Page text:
She got caught up with Steve Alvarez shortly after he transferred to the suburbs of Highland. He was burning out investigating child abuse cases in a retirement community where he could no longer pass a grandpa pushing a little girl on a swing in the park without staking him out. She was working as a preschool teacher finishing up her degree in Early Childhood Development when she had to get background-checked and fingerprinted to apply for a district position. Detective Alvarez happened to be in the office when Serena Esposito showed up to do the paperwork and get her fingers inked, an embedded conflict of interest, but it has always made for a good story.

“That’s not all he’s kept quiet,” he says.

There it is, his tease. She could just sit there and play dumb and let him come up with another way to get to the business of being there, but she resists.

“What do you mean?” she asks. He brings a file folder from his side on to his lap.

“Out of all those files I saw today in that storage shed, this was one of the three that I pulled.” he says. Serena looks at it on his lap. She sees Esposito, S on the tab. The trauma that folder represents to Serena has not diminished.

“You read it?” she asks. He nods. “You didn’t have to keep this from me,” he says in his best apologetic tone.

“No, Steve, I’ve had to keep that away from me. You will throw it away.”

Steve stares at the folder on his lap. He knows this is a threshold of some sort and something on the side of reason is telling him to shut the hell up and do what she asks. But something on the side of his ego will not leave it alone, like a scab with a lifted edge.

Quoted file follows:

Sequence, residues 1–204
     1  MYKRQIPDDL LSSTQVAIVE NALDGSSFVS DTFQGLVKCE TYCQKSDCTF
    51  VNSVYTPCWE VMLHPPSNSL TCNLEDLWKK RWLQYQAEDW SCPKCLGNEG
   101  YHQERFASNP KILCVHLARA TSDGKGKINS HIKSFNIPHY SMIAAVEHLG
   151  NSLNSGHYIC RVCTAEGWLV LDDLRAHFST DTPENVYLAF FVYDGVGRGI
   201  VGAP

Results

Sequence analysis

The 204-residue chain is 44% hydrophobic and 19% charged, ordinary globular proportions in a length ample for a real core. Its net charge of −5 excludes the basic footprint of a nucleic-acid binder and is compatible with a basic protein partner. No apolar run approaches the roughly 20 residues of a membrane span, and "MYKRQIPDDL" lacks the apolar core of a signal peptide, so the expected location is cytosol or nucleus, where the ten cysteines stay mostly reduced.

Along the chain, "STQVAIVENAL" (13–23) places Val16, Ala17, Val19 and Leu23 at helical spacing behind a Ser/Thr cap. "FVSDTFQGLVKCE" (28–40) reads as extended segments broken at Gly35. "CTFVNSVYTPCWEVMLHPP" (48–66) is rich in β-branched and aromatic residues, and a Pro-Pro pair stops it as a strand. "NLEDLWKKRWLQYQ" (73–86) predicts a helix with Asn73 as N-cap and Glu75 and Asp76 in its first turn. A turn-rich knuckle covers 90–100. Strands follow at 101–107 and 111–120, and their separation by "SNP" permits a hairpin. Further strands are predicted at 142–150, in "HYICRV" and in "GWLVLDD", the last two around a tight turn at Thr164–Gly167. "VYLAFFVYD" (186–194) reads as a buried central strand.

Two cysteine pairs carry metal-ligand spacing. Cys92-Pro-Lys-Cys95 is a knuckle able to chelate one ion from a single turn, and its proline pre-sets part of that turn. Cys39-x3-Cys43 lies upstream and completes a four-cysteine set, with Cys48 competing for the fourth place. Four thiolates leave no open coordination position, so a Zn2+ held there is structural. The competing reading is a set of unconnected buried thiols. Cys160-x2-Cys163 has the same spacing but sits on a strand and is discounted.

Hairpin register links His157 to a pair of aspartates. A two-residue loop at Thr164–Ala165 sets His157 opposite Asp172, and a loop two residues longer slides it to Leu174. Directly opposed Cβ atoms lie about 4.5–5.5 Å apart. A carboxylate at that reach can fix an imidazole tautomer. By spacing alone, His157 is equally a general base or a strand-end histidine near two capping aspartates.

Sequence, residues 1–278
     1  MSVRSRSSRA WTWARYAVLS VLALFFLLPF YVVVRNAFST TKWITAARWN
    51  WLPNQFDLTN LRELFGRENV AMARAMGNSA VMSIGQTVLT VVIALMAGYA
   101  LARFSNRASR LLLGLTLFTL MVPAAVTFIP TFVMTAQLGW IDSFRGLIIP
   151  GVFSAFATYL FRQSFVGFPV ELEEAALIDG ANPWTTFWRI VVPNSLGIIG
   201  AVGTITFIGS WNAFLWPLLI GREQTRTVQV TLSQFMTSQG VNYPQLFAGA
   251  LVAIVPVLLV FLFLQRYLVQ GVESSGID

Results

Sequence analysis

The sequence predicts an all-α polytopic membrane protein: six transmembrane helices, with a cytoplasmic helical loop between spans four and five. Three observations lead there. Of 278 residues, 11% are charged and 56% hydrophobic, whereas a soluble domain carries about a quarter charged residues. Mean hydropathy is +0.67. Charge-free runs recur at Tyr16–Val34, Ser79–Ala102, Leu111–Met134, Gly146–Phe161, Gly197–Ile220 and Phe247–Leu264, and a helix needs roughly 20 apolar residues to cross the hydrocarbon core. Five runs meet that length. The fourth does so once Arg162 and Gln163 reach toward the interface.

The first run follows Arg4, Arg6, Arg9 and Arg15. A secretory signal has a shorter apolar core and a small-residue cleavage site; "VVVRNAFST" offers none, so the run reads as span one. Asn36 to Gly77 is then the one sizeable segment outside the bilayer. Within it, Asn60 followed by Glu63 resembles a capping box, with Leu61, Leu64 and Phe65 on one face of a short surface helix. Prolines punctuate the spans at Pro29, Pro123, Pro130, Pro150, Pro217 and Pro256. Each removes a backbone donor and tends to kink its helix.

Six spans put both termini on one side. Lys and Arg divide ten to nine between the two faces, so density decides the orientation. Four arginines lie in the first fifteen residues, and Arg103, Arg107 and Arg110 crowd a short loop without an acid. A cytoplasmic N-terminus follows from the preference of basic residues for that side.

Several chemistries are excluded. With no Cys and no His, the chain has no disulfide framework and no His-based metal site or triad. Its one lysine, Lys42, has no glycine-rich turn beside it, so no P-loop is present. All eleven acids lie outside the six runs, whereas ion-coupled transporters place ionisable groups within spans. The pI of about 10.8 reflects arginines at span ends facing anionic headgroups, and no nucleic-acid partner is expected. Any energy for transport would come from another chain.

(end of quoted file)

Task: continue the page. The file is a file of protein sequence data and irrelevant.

“I had no idea.” he says.

“I didn’t want you to have an idea – it doesn’t matter now.” She speaks in tones now all too familiar to him, escalating along with the punctuation of certain vowels and syllabic rhythms that betray her efforts in eliminating her accent. All this notwithstanding, Steve presses on.

“Look at you. It does matter.”

“A minute ago I was fine. I’ve been fine for ten years now. And you want to make this matter?” she says.

“I just want to know one thing and then that’s it.” His ego is now balls-to-the-wall.

“What?! What do you want to know? What is so goddamn important that you can’t just let this be?”

There’s no turning back for Steve. Had this been an interrogation, this is exactly where the detective would want to be, knowing the next question is going to bust it all open. But all the training and experience he has had along these lines of questioning failed to cull certain sensitivities he should be calling on at this point as a husband.

“Who was the father?” he asks.

The question drives Serena to her feet and her tone at an attention-getting volume. “You want to know who fucked me? That’s what’s so important to you now?”

Serena walks away letting her husband bask in the shame of his question, but she does not get far when the primer of his query detonates inside her and in less steps it took her to get away from him she is back in his face and furiously attacks him, beats him, landing her closed fists on the sides of his head. The file falls to the ground spilling its contents and she lands another punch on the bridge of his nose. He has to defend himself at this point, standing, crossing his arms and taking her by each wrist, spinning her around, tucking her arms now behind her. He releases her wrists and brings his arms around her body holding them now to her side. Her knees buckle, her shoulders ride up and she slips his embrace and falls to her knees on the ground while her meltdown goes into its most heartbreaking phase.